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Accenture creams €75+ million in just 3 years from contracts with Revenue Commissioners


Tea Party Patriot

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Better to hire specialist professionals on an outsourced basis in this manner than to add those figures in perpetuity to the public service wage bill.
 

Cellach

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The title says it all:

Revenue paid €90m to management consultancy - The Irish Times - Thu, Dec 13, 2012

So are our famous civil service worth what they pay them ? Or are we to rely on certain highly placed and influential consultants to get work done ?

cYp
I know of an individual that worked for Accenture in the Revenue commission. Apparently they spend half the time sitting around doing nothing. For young graduates employed at Revenue, either as management or technology consultants the job is soul destroyingly boring because they simply do not have enough to do. Accenture isn't the only management consultancy company in there either.

By the way anyone familiar with my posting history will not that I am not an anti-public service fanatic. I just get really annoyed hearing about stuff like this and Gilmore's four advisors. €75 million for God's sake.
 

ShoutingIsLeadership

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As a public servant, I can confirm that much of the in-house I.T. offering is, eh, sub optimal.
 

Cellach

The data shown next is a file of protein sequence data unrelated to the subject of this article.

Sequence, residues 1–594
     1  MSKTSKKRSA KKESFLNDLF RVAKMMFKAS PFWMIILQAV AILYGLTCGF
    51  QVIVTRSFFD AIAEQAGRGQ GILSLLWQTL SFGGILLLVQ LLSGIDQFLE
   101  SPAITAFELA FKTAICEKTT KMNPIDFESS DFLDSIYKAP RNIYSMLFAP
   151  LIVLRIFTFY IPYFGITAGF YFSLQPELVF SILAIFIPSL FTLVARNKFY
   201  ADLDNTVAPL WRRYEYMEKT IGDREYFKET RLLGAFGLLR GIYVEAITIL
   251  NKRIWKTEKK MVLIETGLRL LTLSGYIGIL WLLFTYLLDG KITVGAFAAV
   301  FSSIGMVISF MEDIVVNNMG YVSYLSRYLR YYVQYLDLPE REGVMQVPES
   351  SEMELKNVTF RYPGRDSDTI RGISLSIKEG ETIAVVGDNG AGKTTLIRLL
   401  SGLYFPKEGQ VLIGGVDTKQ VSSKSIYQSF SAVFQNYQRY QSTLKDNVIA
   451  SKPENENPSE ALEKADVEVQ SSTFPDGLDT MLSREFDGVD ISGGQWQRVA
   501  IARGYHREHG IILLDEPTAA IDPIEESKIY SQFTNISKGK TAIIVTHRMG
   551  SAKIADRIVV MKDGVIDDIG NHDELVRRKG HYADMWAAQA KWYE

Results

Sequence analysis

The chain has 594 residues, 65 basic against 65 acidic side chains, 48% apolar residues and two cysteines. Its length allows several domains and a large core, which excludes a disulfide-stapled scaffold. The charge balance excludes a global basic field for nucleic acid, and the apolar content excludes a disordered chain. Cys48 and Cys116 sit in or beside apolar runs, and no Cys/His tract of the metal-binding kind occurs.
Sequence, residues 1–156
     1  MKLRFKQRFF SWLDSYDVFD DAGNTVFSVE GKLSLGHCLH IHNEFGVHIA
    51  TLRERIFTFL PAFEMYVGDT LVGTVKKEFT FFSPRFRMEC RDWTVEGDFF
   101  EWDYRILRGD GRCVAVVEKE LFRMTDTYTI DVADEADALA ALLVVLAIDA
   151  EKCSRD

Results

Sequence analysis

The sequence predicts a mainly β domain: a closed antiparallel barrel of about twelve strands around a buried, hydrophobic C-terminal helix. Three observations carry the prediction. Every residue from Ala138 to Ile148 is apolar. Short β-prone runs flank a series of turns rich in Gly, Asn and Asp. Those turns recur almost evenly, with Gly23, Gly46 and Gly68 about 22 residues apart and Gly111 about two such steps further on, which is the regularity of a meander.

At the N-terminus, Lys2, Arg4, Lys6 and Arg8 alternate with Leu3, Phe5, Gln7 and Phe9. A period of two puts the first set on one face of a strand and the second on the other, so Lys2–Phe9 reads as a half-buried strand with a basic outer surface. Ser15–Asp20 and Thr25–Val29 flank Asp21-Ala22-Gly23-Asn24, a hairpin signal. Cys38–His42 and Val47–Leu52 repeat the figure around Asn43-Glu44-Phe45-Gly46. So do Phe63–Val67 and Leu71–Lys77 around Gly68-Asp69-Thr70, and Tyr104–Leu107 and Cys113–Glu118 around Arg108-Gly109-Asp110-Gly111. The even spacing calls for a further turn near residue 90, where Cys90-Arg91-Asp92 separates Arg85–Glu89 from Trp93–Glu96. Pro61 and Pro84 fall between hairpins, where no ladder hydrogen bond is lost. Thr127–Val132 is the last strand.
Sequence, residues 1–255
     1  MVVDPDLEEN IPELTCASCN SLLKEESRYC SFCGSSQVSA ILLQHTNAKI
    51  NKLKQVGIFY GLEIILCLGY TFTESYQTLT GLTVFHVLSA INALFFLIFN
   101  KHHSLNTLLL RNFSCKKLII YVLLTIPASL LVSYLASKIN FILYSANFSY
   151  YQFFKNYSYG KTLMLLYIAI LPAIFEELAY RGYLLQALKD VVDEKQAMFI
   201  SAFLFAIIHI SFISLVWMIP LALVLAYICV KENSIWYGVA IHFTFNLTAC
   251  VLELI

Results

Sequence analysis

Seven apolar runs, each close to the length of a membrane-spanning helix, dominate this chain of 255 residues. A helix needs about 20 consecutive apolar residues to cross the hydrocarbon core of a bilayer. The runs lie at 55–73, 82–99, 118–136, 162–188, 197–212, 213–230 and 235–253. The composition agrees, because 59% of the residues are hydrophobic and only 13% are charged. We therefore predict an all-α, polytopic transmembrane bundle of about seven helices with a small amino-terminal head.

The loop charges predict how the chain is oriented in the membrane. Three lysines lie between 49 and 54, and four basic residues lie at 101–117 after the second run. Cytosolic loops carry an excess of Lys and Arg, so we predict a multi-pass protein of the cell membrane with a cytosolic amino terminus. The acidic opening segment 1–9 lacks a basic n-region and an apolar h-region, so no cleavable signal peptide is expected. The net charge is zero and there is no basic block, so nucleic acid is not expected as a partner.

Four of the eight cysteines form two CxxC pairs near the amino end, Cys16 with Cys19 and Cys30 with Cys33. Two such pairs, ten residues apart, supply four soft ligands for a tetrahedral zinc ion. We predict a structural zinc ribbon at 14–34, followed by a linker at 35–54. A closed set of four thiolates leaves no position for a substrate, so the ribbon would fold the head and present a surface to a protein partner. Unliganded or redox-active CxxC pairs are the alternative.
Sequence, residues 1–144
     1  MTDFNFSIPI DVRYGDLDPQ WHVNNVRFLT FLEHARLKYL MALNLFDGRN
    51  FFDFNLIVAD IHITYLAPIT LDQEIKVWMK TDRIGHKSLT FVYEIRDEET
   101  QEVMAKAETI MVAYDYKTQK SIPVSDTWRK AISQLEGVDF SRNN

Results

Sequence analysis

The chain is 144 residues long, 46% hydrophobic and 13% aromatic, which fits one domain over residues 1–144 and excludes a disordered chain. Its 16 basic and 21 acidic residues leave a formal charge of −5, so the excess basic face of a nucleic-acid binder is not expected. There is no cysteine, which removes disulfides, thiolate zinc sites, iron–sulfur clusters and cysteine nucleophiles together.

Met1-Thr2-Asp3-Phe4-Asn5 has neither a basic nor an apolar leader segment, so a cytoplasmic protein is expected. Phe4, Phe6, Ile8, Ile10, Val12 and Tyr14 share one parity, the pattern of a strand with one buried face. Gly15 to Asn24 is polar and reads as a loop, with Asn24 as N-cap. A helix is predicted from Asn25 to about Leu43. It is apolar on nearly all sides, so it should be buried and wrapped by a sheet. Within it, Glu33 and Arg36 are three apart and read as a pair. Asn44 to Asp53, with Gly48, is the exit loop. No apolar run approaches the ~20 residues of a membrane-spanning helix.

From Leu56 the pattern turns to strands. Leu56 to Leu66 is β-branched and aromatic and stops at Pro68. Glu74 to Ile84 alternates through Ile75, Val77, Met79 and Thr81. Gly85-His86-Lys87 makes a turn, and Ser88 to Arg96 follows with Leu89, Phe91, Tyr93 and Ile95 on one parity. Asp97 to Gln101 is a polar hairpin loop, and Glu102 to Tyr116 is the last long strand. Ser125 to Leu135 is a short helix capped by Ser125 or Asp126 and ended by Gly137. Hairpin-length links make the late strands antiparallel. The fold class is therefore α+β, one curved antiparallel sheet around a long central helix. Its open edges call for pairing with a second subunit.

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Plenty of out of work IT professionals who could have been hired to do the job instead, me thinks.
To be honest Gerhard that is nonsense. If you are going to get a job down you hire a pre-established team to do it, rather than having to go through the recruitment process etc. The problem in my eyes is paying one business €75 million over the course of three years. An Irish company could have been found to do it at least. Accenture had their biggest intake of new graduates ever this year. And no wonder, seeing the amount of business the Irish government is throwing their way.
 

asset test

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Revenue in the firing line. They have been given the poisoned chalice of the PT. Huh. More outsourcing? Yes I would say.

To be fair, they leave you alone if you play ball. But are ruthless if you don't.
 

Tea Party Patriot

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The unemployed IT professional could be recruited on a fixed term contract basis.
Projects like this require large coordinated teams with many areas of expertise, also there aren't too many unemployed IT professionals, we actually have a shortage of them.

Employing random individuals for a large project is not good management.
 

DownTheyGo

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Accenture, the company that previously made up part of Arthur Anderson before going separate ways, used by revenue :)

I strongly suspect the next Accenture bid for the business will be sa good deal more competitive compared to the current terms.
 

cyberianpan

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asset test

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In some ways I think Revenue will be sunk with the PT. they will need a lot of outside help anyway.

They are damned if they do, and damned if they don't.

Have to say any interactions with them have been courteous and efficient.
 

gerhard dengler

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Projects like this require large coordinated teams with many areas of expertise, also there aren't too many unemployed IT professionals, we actually have a shortage of them.

Employing random individuals for a large project is not good management.
And hiring large consultancy firms is "good management"?
Good financial and cost control management?

I'm familiar with large IT projects and what is required in terms of manpower and co-ordination of same.